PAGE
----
As an appeal of a final judgment of the district court in a criminal case, we have jurisdiction pursuant to 28 U.S.C. § 1291 and 18 U.S.C. § 3742.
Whether a defendant effectively (knowingly and voluntarily) waived his right to appeal his sentence is a question of law that we review de novo. United States v. Benitez-Zapata, 131 F.3d 1444, 1446 (11th Cir.1997). Similarly, whether the government has breached a plea agreement when the defendant preserved his objection in district court, as did Copeland, is reviewed de novo. United States v. Mahique, 150 F.3d 1330, 1332 (11th Cir.1998).
The government argues at some length that Copeland “waived his right to appeal anything connected with [the drug] case except for the three exceptions listed in paragraph 22 of the waiver of appeal,” none of which apply.2 (Gov't Br. at 18-19.) This contention is quite meritless in view of the controlling language of paragraph 20 that “the defendant knowingly waives the right to appeal any sentence imposed in the instant case [the drug case], except with regard to those rights identified in paragraph 21 below.” (Copeland's Br. at 6-7 (emphasis added).) The waiver, therefore, applies only to the sentence imposed in the drug case, not, as the government contends, to “anything connected with [the drug] case”-a considerably more expansive category. (Gov't Br. at 18.) The defendant has therefore not waived the right to appeal the matters presented to us, and we shall address them on the merits.
Copeland contends that the government breached the plea agreement in the drug case by bringing charges in the gun case under 18 U.S.C. § 924(c). When guilty pleas rest “in any significant degree on a promise or agreement of the prosecutor, so that it can be said to be a part of the inducement or consideration, such promise must be fulfilled.” Santobello v. New York, 404 U.S. 257, 262, 92 S.Ct. 495, 30 L.Ed.2d 427 (1971). Thus, in determining whether the government has breached a plea agreement, we must first determine the scope of the government's promises. The district court's factual findings on the scope of the agreement will be set aside only if they are clearly erroneous. Raulerson v. United States, 901 F.2d 1009, 1012 (11th Cir.1990).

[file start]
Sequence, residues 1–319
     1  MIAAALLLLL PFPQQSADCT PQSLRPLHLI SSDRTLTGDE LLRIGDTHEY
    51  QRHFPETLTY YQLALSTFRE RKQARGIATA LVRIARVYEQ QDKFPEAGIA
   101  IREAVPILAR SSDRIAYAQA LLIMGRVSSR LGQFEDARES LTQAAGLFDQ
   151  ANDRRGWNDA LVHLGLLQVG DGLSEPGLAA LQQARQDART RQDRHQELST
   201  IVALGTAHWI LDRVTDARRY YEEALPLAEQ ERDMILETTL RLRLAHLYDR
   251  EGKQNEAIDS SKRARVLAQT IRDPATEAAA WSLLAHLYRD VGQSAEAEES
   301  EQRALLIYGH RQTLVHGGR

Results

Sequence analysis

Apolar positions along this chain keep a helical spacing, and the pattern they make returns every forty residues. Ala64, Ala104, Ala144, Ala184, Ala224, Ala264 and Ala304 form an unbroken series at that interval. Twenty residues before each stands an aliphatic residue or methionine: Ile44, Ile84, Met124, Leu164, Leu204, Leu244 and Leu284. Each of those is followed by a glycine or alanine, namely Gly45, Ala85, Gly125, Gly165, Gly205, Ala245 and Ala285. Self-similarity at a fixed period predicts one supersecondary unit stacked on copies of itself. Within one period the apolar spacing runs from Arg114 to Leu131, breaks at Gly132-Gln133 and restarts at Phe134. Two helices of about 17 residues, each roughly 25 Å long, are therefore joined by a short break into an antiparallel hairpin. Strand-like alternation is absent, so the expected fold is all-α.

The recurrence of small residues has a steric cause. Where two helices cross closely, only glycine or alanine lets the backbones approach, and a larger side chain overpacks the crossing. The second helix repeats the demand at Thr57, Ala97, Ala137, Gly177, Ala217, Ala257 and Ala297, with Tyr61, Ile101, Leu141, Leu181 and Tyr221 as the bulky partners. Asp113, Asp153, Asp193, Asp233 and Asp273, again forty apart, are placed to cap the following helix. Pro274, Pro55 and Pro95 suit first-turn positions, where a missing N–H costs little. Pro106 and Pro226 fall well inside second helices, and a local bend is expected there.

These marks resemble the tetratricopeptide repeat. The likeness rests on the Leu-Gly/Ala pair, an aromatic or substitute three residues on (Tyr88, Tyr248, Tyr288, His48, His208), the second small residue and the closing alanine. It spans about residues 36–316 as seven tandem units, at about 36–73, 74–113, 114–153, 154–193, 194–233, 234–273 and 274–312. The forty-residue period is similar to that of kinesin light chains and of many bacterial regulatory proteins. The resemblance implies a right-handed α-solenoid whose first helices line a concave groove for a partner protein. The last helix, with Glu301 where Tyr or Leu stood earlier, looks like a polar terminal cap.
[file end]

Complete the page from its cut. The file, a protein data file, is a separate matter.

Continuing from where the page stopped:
In determining the meaning of any disputed terms in an agreement, the court must apply an objective standard and “must decide whether the government's actions are inconsistent with what the defendant reasonably understood when he entered his guilty plea.” In re Arnett, 804 F.2d 1200, 1202-03 (11th Cir.1986) (citations omitted). In interpreting a plea agreement, we do not accept a “hyper-technical reading of the written agreement” or “a rigidly literal approach in the construction of the language.” United States v. Jefferies, 908 F.2d 1520, 1523 (11th Cir.1990). The “written agreement should be viewed against the background of the negotiations and should not be interpreted to ‘directly contradic[t] [an] oral understanding.’ ” Id. “Only where the language of the agreement is ambiguous, or where government overreaching is alleged does the court consider parol evidence․” Raulerson, 901 F.2d at 1012 (citation omitted). When a plea agreement is ambiguous, it “must be read against the government.” Id.; see also United States v. Harvey, 791 F.2d 294, 300 (4th Cir.1986) (“[B]oth constitutional and supervisory concerns require holding the government to a greater degree of responsibility than the defendant (or possibly than would be either of the parties to commercial contracts) for imprecisions or ambiguities in plea agreements.”). The rationale for this approach to interpretation is that “a plea agreement must be construed in light of the fact that it constitutes a waiver of ‘substantial constitutional rights' requiring that the defendant be adequately warned of the consequences of the plea.” Jefferies, 908 F.2d at 1523.